Apple on Monday patched a now infamous flaw in its QuickTime media player first discovered in a hacking contest at the CanSecWest conference last month.
Apple updated QuickTime to version 7.1.6 on Tuesday, fixing the vulnerability on Mac OS X versions 10.3.9 and 10.4.9, Windows XP with Service Pack 2 and Windows 2000 with Service Pack 4.
To execute malicious code, an attacker must lure a user to a webpage containing a maliciously crafted Java applet. The update fixes the issue by performing additional bounds checking when creating QTPointerRef objects, according to Apple’s advisory.
The issue, initially believed to exist in Safari, was first disclosed during a "hack-a-Mac" contest at CanSecWest last month.
Researcher Dino Dai Zovi was credited with discovering the flaw, which was purchased by TippingPoint for $10,000 as part of the contest.
User interaction is required for successful exploitation in that a victim must visit a malicious page, according to a Tuesday advisory from TippingPoint’s ZeroDay Initiative (ZDI).
ZDI disclosed that a lack of sanity checking on the parameters through the Java Virtual Machine was partially responsible for the flaw.
Vulnerable vectors include Microsoft’s Internet Explorer, Mozilla’s Firefox and Apple’s Safari running on Mac OS X 10.4.9 and Windows Vista, according to the advisory.
Researcher Thomas Ptacek said Tuesday on the Matasano Chargen blog that the vulnerability appears to be an integer overflow.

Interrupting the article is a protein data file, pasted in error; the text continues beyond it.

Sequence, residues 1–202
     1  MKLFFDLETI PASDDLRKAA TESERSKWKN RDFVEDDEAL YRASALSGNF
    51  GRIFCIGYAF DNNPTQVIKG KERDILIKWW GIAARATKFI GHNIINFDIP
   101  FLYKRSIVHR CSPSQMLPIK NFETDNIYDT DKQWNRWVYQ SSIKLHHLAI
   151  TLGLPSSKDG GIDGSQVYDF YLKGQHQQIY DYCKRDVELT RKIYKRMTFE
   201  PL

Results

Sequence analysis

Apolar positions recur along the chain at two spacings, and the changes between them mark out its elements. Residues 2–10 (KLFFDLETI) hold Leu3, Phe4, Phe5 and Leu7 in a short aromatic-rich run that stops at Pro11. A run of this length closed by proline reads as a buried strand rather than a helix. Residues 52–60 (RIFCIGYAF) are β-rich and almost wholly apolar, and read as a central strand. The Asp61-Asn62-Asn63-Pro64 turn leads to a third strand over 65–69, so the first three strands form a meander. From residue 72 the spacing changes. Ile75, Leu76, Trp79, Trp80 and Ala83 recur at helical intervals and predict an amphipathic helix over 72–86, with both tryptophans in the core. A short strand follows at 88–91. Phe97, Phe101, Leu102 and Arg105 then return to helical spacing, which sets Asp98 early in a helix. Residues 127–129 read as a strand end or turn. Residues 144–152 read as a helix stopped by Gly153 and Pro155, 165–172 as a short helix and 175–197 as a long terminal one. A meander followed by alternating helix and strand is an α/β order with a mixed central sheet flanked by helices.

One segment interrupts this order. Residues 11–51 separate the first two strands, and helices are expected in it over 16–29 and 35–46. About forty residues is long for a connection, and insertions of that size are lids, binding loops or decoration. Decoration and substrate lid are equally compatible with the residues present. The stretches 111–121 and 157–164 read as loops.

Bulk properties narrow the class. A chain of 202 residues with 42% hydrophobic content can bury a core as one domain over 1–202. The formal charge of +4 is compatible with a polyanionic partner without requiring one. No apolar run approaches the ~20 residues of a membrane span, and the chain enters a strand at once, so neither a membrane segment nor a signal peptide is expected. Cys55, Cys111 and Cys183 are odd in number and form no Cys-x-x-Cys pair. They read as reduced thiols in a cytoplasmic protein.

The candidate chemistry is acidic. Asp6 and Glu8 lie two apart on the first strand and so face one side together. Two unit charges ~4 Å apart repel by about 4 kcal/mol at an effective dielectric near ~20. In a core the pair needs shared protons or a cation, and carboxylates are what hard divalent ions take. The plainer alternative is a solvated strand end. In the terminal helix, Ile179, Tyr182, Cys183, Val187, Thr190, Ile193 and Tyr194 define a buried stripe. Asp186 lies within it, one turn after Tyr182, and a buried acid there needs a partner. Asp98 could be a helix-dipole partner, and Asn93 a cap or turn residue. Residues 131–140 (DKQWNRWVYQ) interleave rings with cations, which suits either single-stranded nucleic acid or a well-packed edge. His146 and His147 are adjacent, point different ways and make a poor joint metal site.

"In applet form, this reliably crashes my browsers. It is both deliberately and organically far from being useful to an attacker. Note that without comments, it’s five lines of code," he said. "Get this one patched quickly. From the (ZeroDay Initiative) advisory and the (QuickTime) Java documentation, it looks like it takes very little time to figure this one out."
Jeremiah Grossman, founder and CTO of WhiteHat Security, told SCMagazine.com today that end users and administrators should patch quickly.
"All of the QuickTime vulnerabilities are pretty bad, so it’s one of many and it’s something serious that should be patched quickly," he said. "For us, it was a high-profile issue, and certainly the bad guys saw it as that as well."
Joel Esler, SANS Internet Storm Center handler, credited Apple today for turning out a patch in less than two weeks.
"Twelve days to put out an update for Apple," he said on the organization’s diary. "Not too bad."
Also on Monday, Apple also fixed a flaw in AirPort for Mac OS X version 10.3.9 that caused AirPort to lose its connection after sleep mode, and a vulnerability in FTPServer for OS X Server version 10.4.9 that allows users with ftp access to navigate directories outside the normal scope.
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